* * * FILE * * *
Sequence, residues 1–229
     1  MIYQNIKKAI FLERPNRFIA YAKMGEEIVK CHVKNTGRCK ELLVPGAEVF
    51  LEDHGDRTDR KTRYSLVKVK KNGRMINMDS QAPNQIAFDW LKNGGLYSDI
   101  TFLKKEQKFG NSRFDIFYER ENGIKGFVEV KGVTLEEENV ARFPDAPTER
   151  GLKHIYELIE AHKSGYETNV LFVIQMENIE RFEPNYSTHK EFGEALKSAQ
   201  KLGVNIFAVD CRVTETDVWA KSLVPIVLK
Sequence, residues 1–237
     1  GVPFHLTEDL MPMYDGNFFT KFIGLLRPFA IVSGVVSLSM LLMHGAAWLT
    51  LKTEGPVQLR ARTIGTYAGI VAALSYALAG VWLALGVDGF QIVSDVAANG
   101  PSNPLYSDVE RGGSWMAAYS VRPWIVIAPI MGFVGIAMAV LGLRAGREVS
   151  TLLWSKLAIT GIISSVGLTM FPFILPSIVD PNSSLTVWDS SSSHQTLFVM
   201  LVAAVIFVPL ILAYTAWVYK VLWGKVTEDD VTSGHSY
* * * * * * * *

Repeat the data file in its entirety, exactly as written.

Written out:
Sequence, residues 1–229
     1  MIYQNIKKAI FLERPNRFIA YAKMGEEIVK CHVKNTGRCK ELLVPGAEVF
    51  LEDHGDRTDR KTRYSLVKVK KNGRMINMDS QAPNQIAFDW LKNGGLYSDI
   101  TFLKKEQKFG NSRFDIFYER ENGIKGFVEV KGVTLEEENV ARFPDAPTER
   151  GLKHIYELIE AHKSGYETNV LFVIQMENIE RFEPNYSTHK EFGEALKSAQ
   201  KLGVNIFAVD CRVTETDVWA KSLVPIVLK
Sequence, residues 1–237
     1  GVPFHLTEDL MPMYDGNFFT KFIGLLRPFA IVSGVVSLSM LLMHGAAWLT
    51  LKTEGPVQLR ARTIGTYAGI VAALSYALAG VWLALGVDGF QIVSDVAANG
   101  PSNPLYSDVE RGGSWMAAYS VRPWIVIAPI MGFVGIAMAV LGLRAGREVS
   151  TLLWSKLAIT GIISSVGLTM FPFILPSIVD PNSSLTVWDS SSSHQTLFVM
   201  LVAAVIFVPL ILAYTAWVYK VLWGKVTEDD VTSGHSY